The Innovators: Stax Artist Spotlights
Stax Number Ones

The Innovators: Stax Artist Spotlights
Stax Number Ones

Released in 2010, compilation Stax Number Ones offers a focused snapshot at the hit-making caliber of the iconic soul music label. Often referred to as the Southern U.S. answer to the supremacy of Detroit, Michigan’s Motown Records dynasty, Stax Records’ heyday as a force at the top of the charts spans two decades and a diverse array of sounds. Unbeholden to the “assembly line” approach to production made famous by Berry Gordy and the Midwestern powerhouse that created international stars out of The Temptations, The Supremes, Marvin Gaye, and Smokie Robinson & The Miracles, Stax’s warm embrace of bluesier roots grew branches in several directions and bore fruit on radio, in jukeboxes, and on record shelves the world over.

The collection begins much like Stax’s global recognition did, with Booker T. & The MG’s’ 1962 debut Green Onions. The instrumental track, born from an unlikely outtake workshopped between session musicians during the downtime in the studio, is known as a ubiquitous earworm, played at sporting events, in commercials, and film. Upon its original release, though, the track took a roundabout path to the top of the Billboard R&B chart, having been issued on Volt Records, Stax, and eventually Atlantic. It spent four weeks in the position, while subsequently hovering near the top of several other charts, including the Billboard Hot 100. Miraculously, it’d only ever crack the Top 10 on the UK Singles Chart in 1979, following the song’s appearance in the film Quadrophenia, bolstering a wave of national interest in the music of the prior decade.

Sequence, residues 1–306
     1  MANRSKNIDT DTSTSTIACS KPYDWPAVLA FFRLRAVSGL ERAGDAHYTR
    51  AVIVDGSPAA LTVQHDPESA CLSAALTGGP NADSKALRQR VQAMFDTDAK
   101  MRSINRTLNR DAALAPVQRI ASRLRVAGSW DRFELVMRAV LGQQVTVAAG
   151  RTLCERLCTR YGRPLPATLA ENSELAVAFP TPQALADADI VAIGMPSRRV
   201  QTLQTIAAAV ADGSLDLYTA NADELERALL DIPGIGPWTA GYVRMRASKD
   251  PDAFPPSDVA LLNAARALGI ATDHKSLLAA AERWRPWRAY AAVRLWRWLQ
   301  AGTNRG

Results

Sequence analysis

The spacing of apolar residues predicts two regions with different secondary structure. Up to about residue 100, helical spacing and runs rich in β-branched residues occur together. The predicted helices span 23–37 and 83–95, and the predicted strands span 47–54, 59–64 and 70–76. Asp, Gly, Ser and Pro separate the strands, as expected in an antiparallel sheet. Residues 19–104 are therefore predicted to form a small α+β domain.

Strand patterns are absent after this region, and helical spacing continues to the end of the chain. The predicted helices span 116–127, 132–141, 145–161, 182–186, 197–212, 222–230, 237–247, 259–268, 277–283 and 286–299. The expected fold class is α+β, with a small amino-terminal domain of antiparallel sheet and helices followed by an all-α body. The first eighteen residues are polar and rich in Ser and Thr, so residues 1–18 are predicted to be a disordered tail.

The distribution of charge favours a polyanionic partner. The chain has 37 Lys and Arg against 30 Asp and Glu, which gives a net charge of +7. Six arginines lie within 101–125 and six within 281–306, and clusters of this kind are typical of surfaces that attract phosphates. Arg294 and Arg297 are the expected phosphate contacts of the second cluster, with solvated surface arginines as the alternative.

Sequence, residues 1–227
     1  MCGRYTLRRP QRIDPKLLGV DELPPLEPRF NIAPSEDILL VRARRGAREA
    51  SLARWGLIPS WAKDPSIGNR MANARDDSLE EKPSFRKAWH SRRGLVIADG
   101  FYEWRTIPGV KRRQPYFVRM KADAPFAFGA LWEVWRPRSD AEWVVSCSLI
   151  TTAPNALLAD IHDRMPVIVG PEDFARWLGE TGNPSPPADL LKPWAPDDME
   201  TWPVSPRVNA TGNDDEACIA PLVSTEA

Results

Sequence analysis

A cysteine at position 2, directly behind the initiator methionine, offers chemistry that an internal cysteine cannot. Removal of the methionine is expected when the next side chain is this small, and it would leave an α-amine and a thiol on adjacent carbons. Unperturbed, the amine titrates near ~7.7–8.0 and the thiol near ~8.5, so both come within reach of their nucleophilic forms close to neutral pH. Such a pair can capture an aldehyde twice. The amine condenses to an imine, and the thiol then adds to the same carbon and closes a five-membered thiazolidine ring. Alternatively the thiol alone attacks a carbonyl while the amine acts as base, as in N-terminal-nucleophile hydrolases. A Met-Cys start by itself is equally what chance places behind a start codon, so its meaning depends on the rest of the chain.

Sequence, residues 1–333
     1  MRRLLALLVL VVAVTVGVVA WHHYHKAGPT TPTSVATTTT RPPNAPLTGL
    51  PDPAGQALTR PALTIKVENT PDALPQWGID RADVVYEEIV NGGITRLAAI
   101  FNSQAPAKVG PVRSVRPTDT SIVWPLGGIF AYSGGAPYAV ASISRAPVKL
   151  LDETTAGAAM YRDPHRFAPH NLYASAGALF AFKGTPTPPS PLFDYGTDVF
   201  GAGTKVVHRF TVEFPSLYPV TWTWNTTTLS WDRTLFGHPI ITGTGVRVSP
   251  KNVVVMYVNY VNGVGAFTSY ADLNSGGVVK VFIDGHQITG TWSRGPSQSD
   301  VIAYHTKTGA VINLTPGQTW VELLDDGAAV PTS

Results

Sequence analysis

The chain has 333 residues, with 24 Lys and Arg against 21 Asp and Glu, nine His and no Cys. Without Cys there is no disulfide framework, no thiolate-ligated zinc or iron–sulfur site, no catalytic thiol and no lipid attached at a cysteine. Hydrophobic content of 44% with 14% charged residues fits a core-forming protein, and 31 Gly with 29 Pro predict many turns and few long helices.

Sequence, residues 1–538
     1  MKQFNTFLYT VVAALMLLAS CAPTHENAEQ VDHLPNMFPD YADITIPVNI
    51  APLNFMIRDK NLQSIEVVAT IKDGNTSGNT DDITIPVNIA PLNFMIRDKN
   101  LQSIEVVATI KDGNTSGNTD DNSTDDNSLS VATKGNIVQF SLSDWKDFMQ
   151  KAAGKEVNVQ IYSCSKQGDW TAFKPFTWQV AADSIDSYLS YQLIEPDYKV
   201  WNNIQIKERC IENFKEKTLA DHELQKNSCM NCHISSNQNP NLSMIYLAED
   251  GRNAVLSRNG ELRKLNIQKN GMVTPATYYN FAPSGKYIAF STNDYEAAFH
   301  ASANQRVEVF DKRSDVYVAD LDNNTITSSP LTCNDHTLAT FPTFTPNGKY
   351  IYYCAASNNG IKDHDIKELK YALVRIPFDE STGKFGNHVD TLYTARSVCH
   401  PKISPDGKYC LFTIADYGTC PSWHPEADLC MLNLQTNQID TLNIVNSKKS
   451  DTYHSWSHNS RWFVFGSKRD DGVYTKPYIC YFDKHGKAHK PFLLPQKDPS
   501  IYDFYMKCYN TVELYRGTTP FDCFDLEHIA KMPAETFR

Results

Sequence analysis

Also accounting for much of Stax’s high-profile output of the 1960s are entries on Stax Number Ones from earth-shaking soul icon Otis Redding (“Sitting on the Dock of the Bay”), solo star Eddie Floyd (“Knock on Wood”) and the efforts of dynamic duo Sam & Dave, whose “Hold On! I’m Comin’” and “Soul Man” rank among the most recognizable tunes in the Stax catalog. And, though it may not have survived the times as a golden oldie still heard commonly among all ages of music lovers, Johnnie Taylor’s cheeky “Who’s Making Love” takes its rightful place in this soul survey as the debonair vocalist’s defining chart success. Following its release in 1968, the song, notable for its risqué subject matter for the time period, pushed the boundaries of lyrical decorum all the way to a three-week stand in the No.1 spot of the Billboard R&B Chart and scaled its way to No.5 on the Hot 100. As evidenced further down in the Stax Number Ones’ tracklist, Taylor kept the momentum rolling, repeating his turn as a chart darling with the driving beat of “Jody’s Got Your Girl and Gone,” an equally salacious relationship saga set to song, in 1970.